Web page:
Moxie Guides

Battery Life

Choosing a battery for your IoT device requires careful consideration of device priorities and user experience.

guidelines_battery-life_balancing-priorities.png

Balancing Priorities for Optimal UX

This simple graphic is meant to show the compromise of priorities you must make. Which of these three things is the most important for your product?

Circuit Activity

How much power will your device consume when it is active, and when it is asleep? At this point we don’t need to know exactly how much power your device will draw, we just need to define a rough idea of how the battery will be used. The answer may not be obvious; ask yourself these questions:

1. How often will my customer interact with this device?

2. How many of those interactions will require the device to be “active” (measuring or transmitting data)?

Battery Life

How long does the battery need to last to create a great user experience? Battery life requirements may vary drastically for different types of IoT products. This part of the process warrants some serious thinking and deliberation. Define in detail what a good user experience looks like – this will help you choose a disposable or rechargeable battery.

Most rechargeable batteries discharge, even unplugged, within a year. Defining this experience means making detailed notes about customer expectations for your device, analysis of similar products (buy one and test it yourself!), and even asking prospective customers questions.

Device Size

Decide how large your device (and subsequently, its battery) can be while providing a great user experience. This alone could narrow down your battery options and necessitate using a particular battery style. You probably already have a decent idea about what size you product should be.

Think about how big it can be and still get the job done with an excellent user experience. Thinking about device size in terms of “How big can it be and still work for my application?” as opposed to “It needs to be as small as possible” may open a world of opportunities like cost savings, more battery life, and the ability to provide more features for the end user.

Quick Guide to…

Circuit Activity

1. Very Low Power: Sensors (accelerometers, temperature sensors, heart rate monitors)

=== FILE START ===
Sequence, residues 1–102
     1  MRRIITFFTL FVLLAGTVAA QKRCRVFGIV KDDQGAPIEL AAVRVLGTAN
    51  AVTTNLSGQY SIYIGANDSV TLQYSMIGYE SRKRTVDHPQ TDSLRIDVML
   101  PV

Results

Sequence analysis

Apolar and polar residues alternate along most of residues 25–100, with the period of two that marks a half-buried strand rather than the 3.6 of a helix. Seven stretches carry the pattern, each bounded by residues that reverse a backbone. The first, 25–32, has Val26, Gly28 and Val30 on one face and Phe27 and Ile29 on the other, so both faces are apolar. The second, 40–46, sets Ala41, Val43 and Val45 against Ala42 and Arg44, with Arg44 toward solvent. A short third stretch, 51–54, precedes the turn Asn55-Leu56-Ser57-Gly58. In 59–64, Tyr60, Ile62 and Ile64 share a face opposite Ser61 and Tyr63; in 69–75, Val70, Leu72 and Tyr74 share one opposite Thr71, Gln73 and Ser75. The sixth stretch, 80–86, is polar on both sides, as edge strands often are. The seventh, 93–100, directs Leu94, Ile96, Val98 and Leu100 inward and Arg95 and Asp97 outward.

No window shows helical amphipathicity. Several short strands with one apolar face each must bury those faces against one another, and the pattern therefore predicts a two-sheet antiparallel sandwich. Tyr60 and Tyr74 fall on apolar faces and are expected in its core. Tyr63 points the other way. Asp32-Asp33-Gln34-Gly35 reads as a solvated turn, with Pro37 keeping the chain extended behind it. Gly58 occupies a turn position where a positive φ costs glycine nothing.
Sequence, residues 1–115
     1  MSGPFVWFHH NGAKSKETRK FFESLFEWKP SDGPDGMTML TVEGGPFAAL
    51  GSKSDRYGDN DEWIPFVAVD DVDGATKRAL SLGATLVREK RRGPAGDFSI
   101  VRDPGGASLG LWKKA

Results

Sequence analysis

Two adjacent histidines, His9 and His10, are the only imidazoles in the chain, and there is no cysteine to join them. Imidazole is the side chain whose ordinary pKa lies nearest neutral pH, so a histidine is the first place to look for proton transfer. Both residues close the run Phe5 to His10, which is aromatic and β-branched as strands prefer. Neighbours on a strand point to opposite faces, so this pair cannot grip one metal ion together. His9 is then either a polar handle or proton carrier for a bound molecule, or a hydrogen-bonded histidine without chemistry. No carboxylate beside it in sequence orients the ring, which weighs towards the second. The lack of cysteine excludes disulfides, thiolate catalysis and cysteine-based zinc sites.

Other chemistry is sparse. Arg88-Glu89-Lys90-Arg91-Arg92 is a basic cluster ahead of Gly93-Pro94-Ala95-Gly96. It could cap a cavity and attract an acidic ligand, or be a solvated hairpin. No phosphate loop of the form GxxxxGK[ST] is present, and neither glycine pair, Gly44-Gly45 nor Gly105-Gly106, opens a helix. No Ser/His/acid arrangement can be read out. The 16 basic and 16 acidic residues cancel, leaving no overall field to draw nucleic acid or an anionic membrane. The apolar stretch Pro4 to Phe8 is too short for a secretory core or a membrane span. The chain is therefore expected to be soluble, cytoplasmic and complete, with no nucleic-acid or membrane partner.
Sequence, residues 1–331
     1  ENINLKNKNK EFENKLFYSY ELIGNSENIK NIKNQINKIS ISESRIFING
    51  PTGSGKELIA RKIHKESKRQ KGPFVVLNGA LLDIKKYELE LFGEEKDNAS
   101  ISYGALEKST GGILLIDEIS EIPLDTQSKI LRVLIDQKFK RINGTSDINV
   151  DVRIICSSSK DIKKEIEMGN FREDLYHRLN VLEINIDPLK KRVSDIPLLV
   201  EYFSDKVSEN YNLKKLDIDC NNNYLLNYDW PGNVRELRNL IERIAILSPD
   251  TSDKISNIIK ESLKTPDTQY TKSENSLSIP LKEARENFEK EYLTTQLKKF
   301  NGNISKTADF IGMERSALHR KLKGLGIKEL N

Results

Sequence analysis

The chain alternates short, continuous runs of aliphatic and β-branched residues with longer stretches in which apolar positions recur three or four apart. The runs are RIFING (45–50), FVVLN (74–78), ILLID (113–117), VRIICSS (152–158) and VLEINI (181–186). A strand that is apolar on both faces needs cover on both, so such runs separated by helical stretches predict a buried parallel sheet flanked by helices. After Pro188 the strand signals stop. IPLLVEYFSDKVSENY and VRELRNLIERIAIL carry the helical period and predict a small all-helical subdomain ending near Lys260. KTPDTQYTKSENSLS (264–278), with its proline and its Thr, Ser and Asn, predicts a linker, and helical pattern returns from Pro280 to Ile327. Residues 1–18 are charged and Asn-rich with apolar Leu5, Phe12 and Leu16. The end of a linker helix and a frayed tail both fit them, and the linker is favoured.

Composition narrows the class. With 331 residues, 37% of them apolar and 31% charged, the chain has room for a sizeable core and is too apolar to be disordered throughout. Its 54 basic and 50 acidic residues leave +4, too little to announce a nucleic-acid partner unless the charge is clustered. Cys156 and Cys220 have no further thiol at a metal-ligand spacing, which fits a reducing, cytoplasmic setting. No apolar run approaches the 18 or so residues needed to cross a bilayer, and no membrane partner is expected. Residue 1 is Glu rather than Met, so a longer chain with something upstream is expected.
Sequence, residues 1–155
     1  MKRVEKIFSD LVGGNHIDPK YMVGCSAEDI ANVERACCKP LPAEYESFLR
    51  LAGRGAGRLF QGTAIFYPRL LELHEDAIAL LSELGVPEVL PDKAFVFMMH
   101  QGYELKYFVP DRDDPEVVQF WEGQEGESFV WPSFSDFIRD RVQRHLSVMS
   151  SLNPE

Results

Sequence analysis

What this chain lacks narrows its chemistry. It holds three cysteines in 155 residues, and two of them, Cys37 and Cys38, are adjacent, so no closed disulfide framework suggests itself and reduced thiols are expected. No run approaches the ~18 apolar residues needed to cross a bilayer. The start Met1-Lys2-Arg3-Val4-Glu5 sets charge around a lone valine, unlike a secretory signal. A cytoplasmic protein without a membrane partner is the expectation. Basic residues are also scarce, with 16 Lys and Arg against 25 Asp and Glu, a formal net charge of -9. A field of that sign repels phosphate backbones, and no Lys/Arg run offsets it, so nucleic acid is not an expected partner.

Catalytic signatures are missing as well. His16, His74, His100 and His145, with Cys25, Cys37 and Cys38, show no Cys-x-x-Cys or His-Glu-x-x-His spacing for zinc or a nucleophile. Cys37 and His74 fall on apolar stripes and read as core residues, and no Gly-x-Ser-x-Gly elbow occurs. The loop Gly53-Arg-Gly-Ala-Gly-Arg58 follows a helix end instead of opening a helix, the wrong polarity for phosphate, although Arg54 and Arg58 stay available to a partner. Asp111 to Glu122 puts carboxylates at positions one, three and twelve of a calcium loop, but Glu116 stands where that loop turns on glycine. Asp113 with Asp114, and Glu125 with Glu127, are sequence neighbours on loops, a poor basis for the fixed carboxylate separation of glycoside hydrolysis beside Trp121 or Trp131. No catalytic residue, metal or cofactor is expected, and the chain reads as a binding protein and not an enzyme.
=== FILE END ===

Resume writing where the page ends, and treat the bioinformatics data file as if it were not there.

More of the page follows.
2. Moderate Power: Micro-controllers, LEDs, Bluetooth (check out Apex Pro for an example)

3. High Power: WiFi, Cellular, Motors (Visit Tocaro Blue for an example of WiFi and Cellular enabled devices with Bluetooth Mesh)

Battery Life

1. 1 Hour – 1 Week: Rechargeable Battery

2. 1 Week – 1 Year: Situation Dependent (Could be rechargeable or disposable)

3. 1 Year or More: Disposable

Device Size

1. Wearable or Hidden: Coin Cell

2. Pocketable: LiPo, AAA Battery

3. Handheld or Larger: Li-ion or AA Battery

Battery Options

If your device requires the use a battery, the most common battery types are Coin Cell, Alkaline, Lithium Polymer, and Lithium Ion. Your device type and priorities will help determine which battery (if any) to use.

Coin Cell (CR2032)

Internet of Things battery option lithium polymer

Lithium Polymer (LiPo)

internet of things device battery option AA standard battery

Alkaline (AA)

internet of things device battery option - lithium ion

Lithium Ion (Li-ion)

The chart below provides a nice visual of what was described in detail above. The columns show battery life and the rows show power draw. It’s up to you and your team to determine your priorities. If a battery that lasts more than a year is a fundamental part of your idea, now you know that you will need to prepare to replace the battery instead of recharge it. Are you thinking about a new idea for a wearable device? If so, then a small rechargeable battery will likely be your best route.

Hours/Days Days/Weeks Years
Low Power

Small

Rechargeable

Mid-Size

Rechargeable

Small

Disposable

Moderate

Small

Rechargeable

Large

Rechargeable

Large

Disposable

High Power

Mid-Size

Rechargeable

Large

Disposable

Needs wired power

The Moxie Process

The Moxie team is experienced in this decision making process and is here to help you answer these questions. The Moxie sales staff will work diligently to help you define parameters like battery life requirements. Once we establish a solid understanding of your project and whether or not it is a good fit for us we will plan a Mapping Meeting where you meet with the Moxie Engineering Team to further define the scope of you project.

To get started, email our sales team at hello@moxieiot.com. Ross Wesson and Andrew Rains work with clients to ensure a fit with the Moxie offerings, and help to clients navigate the IoT process. When you email Moxie you will get a prompt response from Ross or Andrew to help you move forward in your search for a partner to bring your idea to fruition.